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The Appeals of the Italian Aperitivo

I adore the aperitivo part of meetings in Italy with friends or colleagues because it combines some of my favorite things: relaxed conversation, tasty beverages, and yummy snacks!

Excerpt below from 12/13/2021 Virtuoso article by Ingrid K. Williams can be found HERE.

Every region does it differently, but the pre-dinner ritual is perfect no matter where you sip. In the Italian tradition of aperitivo, the golden hour (or two) before dinner unspools in the company of friends and neighbors over a drink and small bites to eat. Considering that Italians typically eat lunch around 1 p.m. and dinner usually isn’t until 9 p.m. or later – an aperitivo tides you over. It’s also a warm-up for the meal to come: Derived from the Latin aperire (to open), an aperitivo is meant to stimulate, or open, the appetite before dinner. But what’s most important, I learned, is the social element, the daily pause to relax and catch up with acquaintances, colleagues, friends, and family. This explains why a simple cocktail and nibbles is also a cultural pillar synonymous with the Italian way of life.

During the pandemic, aperitivo bars were among the first places Italians went to reconnect after emerging from a strict, months-long lockdown. They offered both ample outdoor seating and the friendly, serendipitous encounters that many had desperately missed. Today, tables are still spaced a bit farther apart than usual and crowding is discouraged, but the convivial atmosphere has finally returned.

The origins of aperitivo are murky, but one of the earliest aperitivi was modern vermouth. Concocted by Antonio Benedetto Carpano in Turin in 1786, vermouth is a fortified wine aromatized with herbs and spices. Intended to whet the appetite, this aromatic drink quickly gained popularity in the city’s grand cafés, where it remains a faultless aperitivo choice today. Traditionally, vermouth is served with ice and an orange slice, but these days, it’s equally popular in a spritz with soda water or sparkling wine. As important as the aperitivo, however, are the stuzzichini, the accompanying snacks that in Turin typically include bowls of nuts, chips, and olives, as well as a selection of focaccia, pizza, crostini, charcuterie, and cheese. But as with all things culinary in Italy, what is served during aperitivo varies greatly by region.

Only 80 miles east of Turin, Milan adopted a more-is-more approach to aperitivo, which gained popularity in the city in the early 1900s. Focusing on the food, bars across the city offer nightly buffets – staffed by servers these days – overflowing with pasta and rice dishes, salads and salumi, mini-sandwiches and pizzette, focaccia and fritto misto. During aperitivo hours (usually from 7 to 9 p.m.), drink prices include unlimited access to these buffets. Students and budget-conscious travelers often make it a meal, refilling their plates in what becomes an apericena, a portmanteau of “aperitivo” and “cena” (dinner).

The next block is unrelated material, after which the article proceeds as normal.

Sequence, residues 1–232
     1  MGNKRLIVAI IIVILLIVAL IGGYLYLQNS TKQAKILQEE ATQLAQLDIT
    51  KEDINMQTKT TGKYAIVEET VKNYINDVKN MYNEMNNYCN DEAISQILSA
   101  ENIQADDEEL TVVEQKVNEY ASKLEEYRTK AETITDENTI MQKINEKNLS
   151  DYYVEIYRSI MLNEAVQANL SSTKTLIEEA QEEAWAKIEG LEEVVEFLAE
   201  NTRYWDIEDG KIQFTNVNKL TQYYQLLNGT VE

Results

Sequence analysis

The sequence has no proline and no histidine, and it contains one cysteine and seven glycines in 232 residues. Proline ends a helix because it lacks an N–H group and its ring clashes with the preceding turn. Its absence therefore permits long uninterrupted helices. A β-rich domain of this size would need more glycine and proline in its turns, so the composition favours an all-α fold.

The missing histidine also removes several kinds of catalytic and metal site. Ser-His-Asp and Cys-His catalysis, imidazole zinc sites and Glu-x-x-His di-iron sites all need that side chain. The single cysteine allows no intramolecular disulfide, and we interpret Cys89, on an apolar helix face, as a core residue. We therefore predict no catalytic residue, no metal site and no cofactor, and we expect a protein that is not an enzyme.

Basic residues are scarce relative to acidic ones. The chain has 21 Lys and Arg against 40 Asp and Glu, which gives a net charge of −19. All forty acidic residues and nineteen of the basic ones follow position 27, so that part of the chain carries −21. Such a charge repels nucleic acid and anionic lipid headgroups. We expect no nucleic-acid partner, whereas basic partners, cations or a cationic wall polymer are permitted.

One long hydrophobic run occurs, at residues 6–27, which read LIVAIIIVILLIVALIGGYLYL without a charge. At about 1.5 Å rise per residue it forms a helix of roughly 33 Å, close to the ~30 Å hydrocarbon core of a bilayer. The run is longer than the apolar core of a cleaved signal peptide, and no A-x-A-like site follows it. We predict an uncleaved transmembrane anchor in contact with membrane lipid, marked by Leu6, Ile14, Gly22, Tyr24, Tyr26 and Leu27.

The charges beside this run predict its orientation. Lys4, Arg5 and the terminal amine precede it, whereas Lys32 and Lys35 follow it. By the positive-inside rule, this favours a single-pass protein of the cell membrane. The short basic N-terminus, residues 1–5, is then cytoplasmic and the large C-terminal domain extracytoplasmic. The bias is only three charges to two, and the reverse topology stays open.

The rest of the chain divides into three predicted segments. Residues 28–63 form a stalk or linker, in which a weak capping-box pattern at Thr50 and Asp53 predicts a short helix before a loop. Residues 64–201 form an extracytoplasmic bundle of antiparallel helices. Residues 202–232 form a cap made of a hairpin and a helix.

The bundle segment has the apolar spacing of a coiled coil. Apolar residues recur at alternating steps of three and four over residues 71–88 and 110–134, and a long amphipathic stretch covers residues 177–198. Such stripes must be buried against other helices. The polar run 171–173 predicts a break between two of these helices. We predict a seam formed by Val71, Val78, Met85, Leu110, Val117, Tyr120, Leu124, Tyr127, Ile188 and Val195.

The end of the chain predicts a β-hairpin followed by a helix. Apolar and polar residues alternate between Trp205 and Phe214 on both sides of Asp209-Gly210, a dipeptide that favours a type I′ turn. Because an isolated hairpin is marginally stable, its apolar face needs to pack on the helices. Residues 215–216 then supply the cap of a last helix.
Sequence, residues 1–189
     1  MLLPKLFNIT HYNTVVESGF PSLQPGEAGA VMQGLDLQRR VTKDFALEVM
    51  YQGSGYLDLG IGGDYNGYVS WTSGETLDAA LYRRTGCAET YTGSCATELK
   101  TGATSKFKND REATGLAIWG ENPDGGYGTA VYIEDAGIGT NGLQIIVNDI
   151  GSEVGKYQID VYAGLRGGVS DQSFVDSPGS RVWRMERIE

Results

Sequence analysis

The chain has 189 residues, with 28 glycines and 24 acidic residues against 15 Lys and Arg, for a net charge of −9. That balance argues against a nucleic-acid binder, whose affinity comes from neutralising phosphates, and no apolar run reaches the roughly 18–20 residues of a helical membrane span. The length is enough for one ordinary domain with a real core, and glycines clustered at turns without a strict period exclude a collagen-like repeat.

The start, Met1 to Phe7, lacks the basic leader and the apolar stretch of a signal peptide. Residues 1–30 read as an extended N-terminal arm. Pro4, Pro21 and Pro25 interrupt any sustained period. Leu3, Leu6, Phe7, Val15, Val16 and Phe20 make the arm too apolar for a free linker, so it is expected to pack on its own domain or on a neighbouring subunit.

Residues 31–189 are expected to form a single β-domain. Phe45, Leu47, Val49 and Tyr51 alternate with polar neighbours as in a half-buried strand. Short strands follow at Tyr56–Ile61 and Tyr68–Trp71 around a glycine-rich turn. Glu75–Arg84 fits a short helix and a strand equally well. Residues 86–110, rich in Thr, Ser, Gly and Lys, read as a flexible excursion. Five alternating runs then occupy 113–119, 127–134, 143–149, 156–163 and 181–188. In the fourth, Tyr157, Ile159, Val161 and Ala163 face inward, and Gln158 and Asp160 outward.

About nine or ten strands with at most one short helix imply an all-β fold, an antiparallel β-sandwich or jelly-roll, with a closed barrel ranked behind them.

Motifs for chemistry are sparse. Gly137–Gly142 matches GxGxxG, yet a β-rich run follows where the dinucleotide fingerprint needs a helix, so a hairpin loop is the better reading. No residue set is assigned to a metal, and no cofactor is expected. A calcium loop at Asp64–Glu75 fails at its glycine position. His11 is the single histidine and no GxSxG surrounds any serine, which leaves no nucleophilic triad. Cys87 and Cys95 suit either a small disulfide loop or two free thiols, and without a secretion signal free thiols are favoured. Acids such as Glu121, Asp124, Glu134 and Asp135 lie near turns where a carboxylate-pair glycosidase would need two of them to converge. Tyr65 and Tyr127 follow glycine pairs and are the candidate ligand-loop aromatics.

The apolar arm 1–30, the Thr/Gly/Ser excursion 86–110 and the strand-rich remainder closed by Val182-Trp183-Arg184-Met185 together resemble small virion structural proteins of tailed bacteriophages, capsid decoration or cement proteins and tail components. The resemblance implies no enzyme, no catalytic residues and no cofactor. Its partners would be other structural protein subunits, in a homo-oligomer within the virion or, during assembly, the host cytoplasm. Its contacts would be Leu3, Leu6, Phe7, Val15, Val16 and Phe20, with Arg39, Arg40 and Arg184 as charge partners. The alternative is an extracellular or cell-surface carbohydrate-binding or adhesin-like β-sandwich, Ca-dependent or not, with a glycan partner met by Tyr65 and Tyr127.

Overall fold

In Milanese bars with buffets, quantity often trumps quality. But the Italian capital of fashion and design is also home to many marvelous aperitivo locales, ranging from speakeasy-style cocktail bars and glamorous rooftops to glitzy lounges and historic cafés. Instead of plastic plates at a buffet, bartenders may serve gourmet stuzzichini on large platters, or nuts and olives in silver bowls. But wherever you go in Milan, the drinks of choice often involve Campari, the bitter, ruby-red liqueur invented there in the mid 1800s by Gaspare Campari. It’s an integral element in many classic Italian aperitivo cocktails, including the negroni, the Americano, and the Campari spritz.

While Campari is omnipresent in Milan, in Venice, it’s all about Aperol. The Aperol spritz has become wildly popular in America recently, but it’s long been an aperitivo standby in Italy, where the fizzy, neon-orange cocktail is also known as a spritz Veneziano – or in Venice, just a spritz.

On the topic of aperitivo, Venice differs from its northern neighbors in other ways as well. In Milan and Turin, aperitivo is often a seated affair, but before the pandemic, you could rarely find a table in Venice – at least not where locals go, which is to tiny wine bars called bacari. The Venetian versions of aperitivo snacks, cicchetti, are similar in style to Basque pintxos and are ordered separately. Expect toasts topped with baccalà mantecato (whipped cod) and marinated anchovies, speared polpette (meatballs), fried zucchini blossoms, and sarde in saor (sweet-and-sour sardines). Some of Venice’s oldest bacari have been around for centuries, long before “aperitivo” entered the Italian lexicon. Yet these historic bars remain among the most popular spots for a bite, a spritz, and a canalside chat in the pleasant hours before dinner.